Tags: Traditions, Christmas, Holidays, cooking

Holiday Gifts That Keep on Giving

Posted by Suzie Canale on Fri, Dec 09, 2016

I’m sure you’ve heard the phrase, “the gift that keeps on giving,” a million times before, particularly during the holidays.  You might even associate the term with cruddy presents like “cheese of the month club” and dread even the quickest notion of receiving one for yourself.  The funny thing is, this type of gesture is making a huge comeback this Christmas and with good reason why.  Instead of getting a year supply of dairy, clever givers are finding ways to make their gifts meaningful in the sense that they continue their value far after the season has ended.  Immediately gratifying trinkets such as sweaters, scratch tickets or bottles of wine are being replaced with longer lasting impressionistic expressions such as hand made items and thoughtful activities.  People can only have just so much “stuff” so many are welcoming this heartfelt trend and hoping to find other unique ideas to gift.  

 

Sometimes the thinking behind this notion is harder than the actual packaging.  We may become consumed and wrapped up with a concept that is overly complicated instead of putting thoughts into simpler terms.  You don’t have to be over the top with expensive presents or tokens either, so presents should reflect thoughtfulness instead of cost.  In an effort to pass along this wonderful way to show someone you care, here are a few great options that may fit perfectly underneath your tree this season…

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A Beloved Family Recipe

If you know of someone who loves to cook (or loves to eat) give him/her a framed copy of a special recipe you know they like!  Maybe Grandma Ester left notes on how to bake the perfect ginger snap cookie or perhaps Uncle Fred bequeathed his famous clam chowder recipe to you?  These are the dishes that are meaningful to gift upon someone who shares the same passion for cuisine and if you’re lucky, they might even give you a taste when they’ve tried it out.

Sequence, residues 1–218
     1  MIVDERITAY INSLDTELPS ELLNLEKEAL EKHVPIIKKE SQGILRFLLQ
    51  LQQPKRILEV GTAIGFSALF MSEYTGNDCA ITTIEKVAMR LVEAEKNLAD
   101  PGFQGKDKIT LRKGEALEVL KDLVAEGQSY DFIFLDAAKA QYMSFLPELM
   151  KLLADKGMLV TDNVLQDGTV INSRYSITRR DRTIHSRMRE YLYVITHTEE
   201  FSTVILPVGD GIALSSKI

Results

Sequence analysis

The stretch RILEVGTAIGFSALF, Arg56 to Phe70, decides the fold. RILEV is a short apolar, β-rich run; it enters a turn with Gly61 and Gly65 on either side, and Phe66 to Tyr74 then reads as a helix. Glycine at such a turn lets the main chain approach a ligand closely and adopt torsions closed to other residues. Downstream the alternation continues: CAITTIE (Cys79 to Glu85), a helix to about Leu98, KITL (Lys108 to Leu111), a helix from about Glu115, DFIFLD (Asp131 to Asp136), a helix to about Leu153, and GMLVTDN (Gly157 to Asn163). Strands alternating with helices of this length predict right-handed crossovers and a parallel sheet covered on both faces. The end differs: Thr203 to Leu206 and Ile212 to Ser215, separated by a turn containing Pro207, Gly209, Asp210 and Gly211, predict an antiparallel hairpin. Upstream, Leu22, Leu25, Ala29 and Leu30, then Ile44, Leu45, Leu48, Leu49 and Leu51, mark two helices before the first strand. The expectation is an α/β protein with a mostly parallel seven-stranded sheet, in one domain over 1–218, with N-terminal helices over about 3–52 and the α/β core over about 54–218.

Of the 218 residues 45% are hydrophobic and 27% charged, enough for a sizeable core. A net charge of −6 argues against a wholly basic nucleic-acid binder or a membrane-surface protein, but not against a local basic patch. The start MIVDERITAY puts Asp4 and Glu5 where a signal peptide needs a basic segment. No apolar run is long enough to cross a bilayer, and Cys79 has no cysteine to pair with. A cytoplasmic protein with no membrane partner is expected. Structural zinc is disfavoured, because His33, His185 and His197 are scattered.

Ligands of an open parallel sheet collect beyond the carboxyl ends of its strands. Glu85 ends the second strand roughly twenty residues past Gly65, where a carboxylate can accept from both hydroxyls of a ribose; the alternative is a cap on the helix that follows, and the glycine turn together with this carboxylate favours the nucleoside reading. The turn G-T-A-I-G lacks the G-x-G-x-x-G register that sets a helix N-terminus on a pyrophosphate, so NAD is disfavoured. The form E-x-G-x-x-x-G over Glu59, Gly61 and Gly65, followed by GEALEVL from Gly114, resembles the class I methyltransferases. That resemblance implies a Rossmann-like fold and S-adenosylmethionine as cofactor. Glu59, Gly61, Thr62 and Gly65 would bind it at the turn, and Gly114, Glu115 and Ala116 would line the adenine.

Seeds

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I’m actually using this one for my mom who adores gardening as much as I do!  Although you’ll have to start collecting seeds from pods during the months of July and August, you’re efforts will be duly noted when your flowers bloom in their garden for years to come.  

 

A Coupon Book

Get a few pieces of paper, staple them together and make your own coupons that they can use whenever wanted or needed!  Create tickets that reflect the appropriateness of the relationship such as “1 Kiss” for your romantic interest and “1 Load of Laundry” for your parents.  Be careful not to mix them up because things could get a little uncomfortable if the wrong person receives the wrong coupon book!

 

Museum Membership

Sometimes the best present given are an activity like visiting the aquarium, zoo or a museum.  Memberships are an excellent way to give a gift that keeps on giving and they will long be thanking you throughout the entire year.

Tags: Christmas, Holidays, Museums, Seeds, Gifts